Colonialism, race and international criminal law: rereading the complementarity principle in the situations of Kenya and Libya

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Copyright: Edelbi, Souheir
The complementarity principle that governs the International Criminal Court is a central discourse of international criminal law. It provides a legal basis to prevent international crimes and support accountability in domestic criminal jurisdictions. Thus, judges, lawyers, and academics have come to view the principle as a benevolent instrument of justice and accountability. Several Third World states have contributed to the development of this principle in significant ways. They have reinforced the principle in domestic jurisdictions, but have also challenged its parameters in ICC proceedings. Focusing on the Kenyan and Libyan cases at the ICC, this thesis rethinks the nature and function of the complementarity principle from a Third World perspective. Using a postcolonial practice of reading and textual analysis, it exposes the relationship between the complementarity principle and the legacies of colonial race discourse by highlighting how the discourse surrounding the complementarity principle reproduces Third World states as Other in divergent ways. The thesis develops a single yet dichotomous framework to make sense of how colonial race discourse shapes the complementarity principle and how ICC judges and the Prosecutor evaluate Third World domestic criminal proceedings along lines of racial difference. It raises the possibility of developing a politics of refusal, as opposed to a politics of transformation, through exposing and dismantling international criminal law's Western and Eurocentric form.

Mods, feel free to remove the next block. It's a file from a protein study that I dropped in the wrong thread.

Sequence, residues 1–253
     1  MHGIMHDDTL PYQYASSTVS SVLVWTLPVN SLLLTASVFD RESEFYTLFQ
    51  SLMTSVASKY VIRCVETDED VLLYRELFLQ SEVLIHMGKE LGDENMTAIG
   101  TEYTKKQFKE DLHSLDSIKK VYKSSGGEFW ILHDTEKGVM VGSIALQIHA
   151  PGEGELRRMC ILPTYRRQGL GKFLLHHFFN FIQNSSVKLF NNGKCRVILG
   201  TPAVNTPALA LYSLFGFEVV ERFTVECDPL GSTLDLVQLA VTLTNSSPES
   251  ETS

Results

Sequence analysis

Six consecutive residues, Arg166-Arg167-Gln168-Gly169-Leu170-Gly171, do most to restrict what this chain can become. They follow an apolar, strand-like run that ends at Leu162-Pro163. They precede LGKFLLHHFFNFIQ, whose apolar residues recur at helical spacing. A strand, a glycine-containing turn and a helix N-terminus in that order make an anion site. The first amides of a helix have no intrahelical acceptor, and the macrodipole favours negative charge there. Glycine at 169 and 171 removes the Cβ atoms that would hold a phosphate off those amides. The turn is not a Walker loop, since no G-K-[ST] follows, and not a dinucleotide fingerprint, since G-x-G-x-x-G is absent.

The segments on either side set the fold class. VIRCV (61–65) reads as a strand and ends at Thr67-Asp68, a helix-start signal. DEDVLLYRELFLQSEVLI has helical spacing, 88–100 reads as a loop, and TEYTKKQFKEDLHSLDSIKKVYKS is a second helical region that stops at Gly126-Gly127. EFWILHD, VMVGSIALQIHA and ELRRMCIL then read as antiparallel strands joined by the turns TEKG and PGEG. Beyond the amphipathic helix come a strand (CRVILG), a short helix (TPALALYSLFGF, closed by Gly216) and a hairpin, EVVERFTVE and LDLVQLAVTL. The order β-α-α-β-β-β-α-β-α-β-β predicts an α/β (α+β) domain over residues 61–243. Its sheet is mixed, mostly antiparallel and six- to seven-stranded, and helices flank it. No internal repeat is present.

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Edelbi, Souheir
Williams, Sarah
Johns, Fleur
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PhD Doctorate
UNSW Faculty